Q&A with Mary Eisele Slack

Micaela Cashman

Mary Eisele Slack graduated with a degree in elementary education, but she quickly found that her passion was in something else. Now she is president of her own company, Eisele and Associates, Inc.

What year did you graduate? What did you get your degree in?

1984, elementary education

What did you do after you got your undergrad?

I taught elementary for one year in Waterloo, at my old elementary school.

Did you originally start in that program when you came to Iowa State or did you have other career aspirations?

I started as an elementary education student, and I switched for a week into computer science somewhere in my junior year. I quickly decided I wanted a degree with more interpersonal interaction.

What activities or organizations were you involved in?

I was active in our dorm house — Barton, Tappan House. I was also a little sister at a couple of fraternities, and I held an officer role in Kappa Lambda, an El Ed club.

What are your favorite things about Iowa State?

It was a big campus, but I didn’t feel like I was a “number.” [There were] lots of things to do, lots of people to meet. I came from a small private school, and Iowa State was quite the experience. I met some really nice people — my husband, my dorm-mates/roommates, classmates, faculty.

The campus is gorgeous — even in the winter. Sometimes I would just stop on Central Campus and enjoy the view. I came back a few years ago to take a certification exam on campus; I so enjoyed just walking on campus and looking at the cool buildings.

Describe your career path.

After teaching elementary school for a year, I moved to Minneapolis, and I worked in the preschool/early childhood field.

A friend notified me about an opening at Honeywell, and I got my first job in the adult education world. I was in charge of the high-talent database, satellite education classes and special projects.

My husband accepted a job transfer to Honeywell in Phoenix, Arizona. I became a trainer and facilitator at the Commercial Aviation group and then at the Satellite Systems Group. This was a tremendous opportunity for me. I learned a lot those years. I also got my masters while we were in Phoenix. My masters is in human resource and organization development.

When we moved back to Minnesota, I worked for Cummins Power Generation and then Allina Health Systems. I continued getting positions with increasing responsibility and autonomy.

I started consulting on the side about 15 years ago, and 13 years ago, I made the jump to create my own company, Eisele and Associates, Inc. This has been a wonderful fit for me. I have a lot of variety in my work — teaching classes on many subjects like project management, process improvement, supervising and management courses and team building; interventions (projects or teams that are struggling); planning sessions (strategic planning, implementation planning); and I teach graduate classes in leadership, management, project management and human resources. In this last 15 years, I have been in over 100 different organizations.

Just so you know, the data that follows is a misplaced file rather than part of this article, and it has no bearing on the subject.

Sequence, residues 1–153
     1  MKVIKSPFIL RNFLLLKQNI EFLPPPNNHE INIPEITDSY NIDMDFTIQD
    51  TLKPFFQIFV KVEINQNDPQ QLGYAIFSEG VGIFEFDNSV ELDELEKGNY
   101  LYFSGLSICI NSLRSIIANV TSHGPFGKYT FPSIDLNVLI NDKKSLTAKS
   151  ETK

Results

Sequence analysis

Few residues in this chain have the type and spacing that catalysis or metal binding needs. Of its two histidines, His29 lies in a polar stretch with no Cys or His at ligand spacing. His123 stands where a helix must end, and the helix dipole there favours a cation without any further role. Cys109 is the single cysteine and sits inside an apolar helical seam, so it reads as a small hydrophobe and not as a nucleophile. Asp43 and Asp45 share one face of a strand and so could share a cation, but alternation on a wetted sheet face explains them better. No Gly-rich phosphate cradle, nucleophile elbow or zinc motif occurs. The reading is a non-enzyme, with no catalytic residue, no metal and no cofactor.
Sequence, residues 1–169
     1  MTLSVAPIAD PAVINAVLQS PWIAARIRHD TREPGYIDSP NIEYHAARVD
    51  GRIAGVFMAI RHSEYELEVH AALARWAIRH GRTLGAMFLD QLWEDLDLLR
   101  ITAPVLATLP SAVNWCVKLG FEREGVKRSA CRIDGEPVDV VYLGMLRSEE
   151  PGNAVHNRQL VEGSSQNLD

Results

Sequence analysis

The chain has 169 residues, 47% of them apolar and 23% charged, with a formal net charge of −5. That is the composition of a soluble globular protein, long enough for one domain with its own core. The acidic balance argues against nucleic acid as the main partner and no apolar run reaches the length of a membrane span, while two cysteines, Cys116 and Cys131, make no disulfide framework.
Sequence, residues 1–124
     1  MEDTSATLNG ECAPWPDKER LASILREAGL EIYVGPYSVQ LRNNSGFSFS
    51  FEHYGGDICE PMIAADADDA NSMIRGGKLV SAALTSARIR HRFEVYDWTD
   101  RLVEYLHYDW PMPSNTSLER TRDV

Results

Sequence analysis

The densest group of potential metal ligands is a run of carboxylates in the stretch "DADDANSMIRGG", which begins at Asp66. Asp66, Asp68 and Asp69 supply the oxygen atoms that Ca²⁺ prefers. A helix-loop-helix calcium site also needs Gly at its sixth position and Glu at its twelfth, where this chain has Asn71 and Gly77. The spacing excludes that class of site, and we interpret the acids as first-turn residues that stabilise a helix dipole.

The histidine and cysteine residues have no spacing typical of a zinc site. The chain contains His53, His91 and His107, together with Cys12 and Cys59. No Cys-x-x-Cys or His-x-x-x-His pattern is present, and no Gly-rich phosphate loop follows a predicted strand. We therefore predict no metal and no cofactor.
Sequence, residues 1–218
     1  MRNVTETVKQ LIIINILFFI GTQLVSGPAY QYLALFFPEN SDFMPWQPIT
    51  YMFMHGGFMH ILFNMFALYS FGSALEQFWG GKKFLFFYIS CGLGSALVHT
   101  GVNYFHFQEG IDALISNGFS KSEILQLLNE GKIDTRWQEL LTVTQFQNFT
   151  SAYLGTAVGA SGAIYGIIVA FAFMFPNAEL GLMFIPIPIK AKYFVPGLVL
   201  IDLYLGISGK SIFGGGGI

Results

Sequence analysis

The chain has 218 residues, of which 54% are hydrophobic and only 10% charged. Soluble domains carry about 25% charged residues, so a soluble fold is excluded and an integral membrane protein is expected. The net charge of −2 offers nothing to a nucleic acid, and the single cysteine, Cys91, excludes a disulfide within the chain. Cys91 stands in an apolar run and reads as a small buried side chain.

I completed my coursework for a doctorate in organization development. I just have that “paper thing” left to write.

What has been your proudest accomplishment in your career?

I have continued to stay quite busy all these years … through the downturn after 9/11 and the recent depressed economy. I have lots of returning clients with different situations that need addressing. I juggle an amazing amount of work and I can switch gears — topics, industries, applications, client situations — quickly.

What is your best memory of college?

A gorgeous fall day, walking down the hill past the Union headed toward old RCA, kicking the leaves out of the way, greeting people going the other way, past the president’s house, through the arches and through the courtyard.

Parties — meeting lots of new people at dorm and fraternity parties. Dressing up for dorm parties.

What advice do you have for college students, particularly those in the major you earned your degree in?

I didn’t know jobs like my current role existed; I didn’t even know the field of organization development existed. I wish I would have felt less pressure to stay in a track and not explore classes in other disciplines. I may have found that my niche was more the adult education world a lot earlier. My advice would be to take some classes outside your degree program. Explore more.

What regrets do you have about college?

I wish I’d made more of an effort to keep track of people I met in college. I don’t even remember names of some of the people so I can’t search for them. I dearly treasure the friends I made at Iowa State. I am envious of my husband’s link to a fraternity for the ongoing linking of those friends. We’ve vacationed and continue to connect with them, but the dorms didn’t have that ongoing linking.